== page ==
Active surveillance for prostate cancer

Active surveillance is a way of monitoring prostate cancer that isn’t causing any symptoms or problems and is considered to be low risk or, in some cases, intermediate risk prostate cancer.

Typically, active surveillance involves PSA tests every 3–6 months, rectal examination every six months, multi-parametric MRI scans, and biopsies at 12 months and three years.

Active surveillance may be a preferred option if the possible treatment side effects would have more impact on your quality of life than the cancer itself. Active surveillance may also be suggested if the cancer is small (low volume) and slow growing (low grade) and is unlikely to spread or cause symptoms. This is generally indicated by a PSA no higher than 20, stage T1–2, and a Gleason score no higher than 6.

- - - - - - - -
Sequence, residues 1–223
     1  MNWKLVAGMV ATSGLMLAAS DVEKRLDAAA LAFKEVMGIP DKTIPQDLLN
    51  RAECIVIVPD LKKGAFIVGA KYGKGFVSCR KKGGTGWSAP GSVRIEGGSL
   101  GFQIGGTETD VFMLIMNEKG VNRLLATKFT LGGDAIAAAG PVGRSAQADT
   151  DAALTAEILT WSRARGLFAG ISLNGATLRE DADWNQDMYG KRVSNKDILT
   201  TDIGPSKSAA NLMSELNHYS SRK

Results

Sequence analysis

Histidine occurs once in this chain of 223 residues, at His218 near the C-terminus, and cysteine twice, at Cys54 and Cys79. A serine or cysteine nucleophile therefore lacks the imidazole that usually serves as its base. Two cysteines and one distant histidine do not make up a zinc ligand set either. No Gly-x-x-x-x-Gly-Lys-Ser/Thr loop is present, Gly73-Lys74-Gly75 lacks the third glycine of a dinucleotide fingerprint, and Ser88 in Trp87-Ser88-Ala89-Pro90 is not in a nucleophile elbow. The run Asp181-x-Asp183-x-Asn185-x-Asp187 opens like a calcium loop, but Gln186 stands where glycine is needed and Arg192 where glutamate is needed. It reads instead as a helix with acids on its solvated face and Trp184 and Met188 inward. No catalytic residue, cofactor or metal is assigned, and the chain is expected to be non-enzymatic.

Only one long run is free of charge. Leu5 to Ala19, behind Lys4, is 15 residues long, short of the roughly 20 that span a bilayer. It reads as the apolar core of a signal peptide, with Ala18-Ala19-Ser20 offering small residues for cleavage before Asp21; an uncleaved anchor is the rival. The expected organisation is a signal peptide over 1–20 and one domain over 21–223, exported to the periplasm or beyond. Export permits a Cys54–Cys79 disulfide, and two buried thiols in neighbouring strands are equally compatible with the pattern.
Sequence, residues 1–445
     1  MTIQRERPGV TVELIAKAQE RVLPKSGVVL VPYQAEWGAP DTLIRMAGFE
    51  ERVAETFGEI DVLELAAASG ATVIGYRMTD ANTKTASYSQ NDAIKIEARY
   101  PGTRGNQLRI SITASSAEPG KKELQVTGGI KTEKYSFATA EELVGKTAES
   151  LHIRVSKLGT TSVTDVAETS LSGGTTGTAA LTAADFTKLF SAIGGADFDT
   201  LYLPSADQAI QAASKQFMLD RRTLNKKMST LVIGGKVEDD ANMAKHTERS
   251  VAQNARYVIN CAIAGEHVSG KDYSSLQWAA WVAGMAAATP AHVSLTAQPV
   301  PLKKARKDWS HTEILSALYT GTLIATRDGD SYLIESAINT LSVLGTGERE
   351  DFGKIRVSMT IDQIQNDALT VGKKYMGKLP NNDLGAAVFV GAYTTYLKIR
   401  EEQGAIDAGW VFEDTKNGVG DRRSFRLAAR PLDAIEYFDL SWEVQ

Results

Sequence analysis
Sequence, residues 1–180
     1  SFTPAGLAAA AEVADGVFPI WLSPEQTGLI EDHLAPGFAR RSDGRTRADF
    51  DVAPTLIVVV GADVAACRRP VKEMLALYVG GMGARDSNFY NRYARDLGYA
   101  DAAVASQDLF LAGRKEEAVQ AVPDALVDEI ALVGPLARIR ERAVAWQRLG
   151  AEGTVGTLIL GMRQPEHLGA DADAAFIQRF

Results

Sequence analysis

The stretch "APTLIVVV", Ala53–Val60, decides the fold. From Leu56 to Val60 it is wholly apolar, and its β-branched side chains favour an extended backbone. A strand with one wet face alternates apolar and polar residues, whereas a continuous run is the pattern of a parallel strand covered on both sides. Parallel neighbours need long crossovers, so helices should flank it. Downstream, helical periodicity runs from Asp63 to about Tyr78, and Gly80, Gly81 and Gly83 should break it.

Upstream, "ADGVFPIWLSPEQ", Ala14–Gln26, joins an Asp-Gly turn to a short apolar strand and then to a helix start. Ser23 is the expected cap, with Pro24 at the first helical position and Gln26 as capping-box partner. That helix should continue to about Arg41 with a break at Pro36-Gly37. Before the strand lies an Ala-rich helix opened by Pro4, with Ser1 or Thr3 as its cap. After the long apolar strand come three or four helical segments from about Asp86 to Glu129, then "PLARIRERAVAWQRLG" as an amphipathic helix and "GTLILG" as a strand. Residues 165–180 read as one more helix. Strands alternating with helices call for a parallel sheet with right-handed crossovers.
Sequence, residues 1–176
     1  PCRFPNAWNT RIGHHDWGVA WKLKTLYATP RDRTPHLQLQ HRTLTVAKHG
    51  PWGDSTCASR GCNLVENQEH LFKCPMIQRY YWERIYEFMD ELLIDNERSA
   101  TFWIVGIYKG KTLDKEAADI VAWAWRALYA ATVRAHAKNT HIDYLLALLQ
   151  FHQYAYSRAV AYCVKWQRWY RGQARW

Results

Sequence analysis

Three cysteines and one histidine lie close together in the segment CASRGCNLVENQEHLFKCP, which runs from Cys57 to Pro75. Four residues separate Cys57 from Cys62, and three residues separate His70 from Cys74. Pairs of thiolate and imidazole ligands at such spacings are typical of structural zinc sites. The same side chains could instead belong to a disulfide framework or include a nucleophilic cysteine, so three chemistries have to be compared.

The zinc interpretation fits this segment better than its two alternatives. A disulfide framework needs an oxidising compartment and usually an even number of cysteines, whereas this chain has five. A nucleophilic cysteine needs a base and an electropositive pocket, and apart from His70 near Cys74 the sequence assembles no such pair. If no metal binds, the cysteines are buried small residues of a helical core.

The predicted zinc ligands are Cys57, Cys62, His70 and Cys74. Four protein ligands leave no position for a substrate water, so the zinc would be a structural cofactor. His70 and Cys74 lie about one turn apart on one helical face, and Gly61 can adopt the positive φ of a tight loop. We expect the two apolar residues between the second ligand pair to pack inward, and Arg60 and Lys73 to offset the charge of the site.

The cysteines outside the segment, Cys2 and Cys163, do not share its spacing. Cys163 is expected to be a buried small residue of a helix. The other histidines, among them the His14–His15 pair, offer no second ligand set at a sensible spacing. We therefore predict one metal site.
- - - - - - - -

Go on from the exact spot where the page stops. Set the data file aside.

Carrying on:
If at any stage the cancer shows signs of faster or more aggressive growth, active treatment, which aims to cure the disease, can begin.

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This information was last reviewed in April 2016
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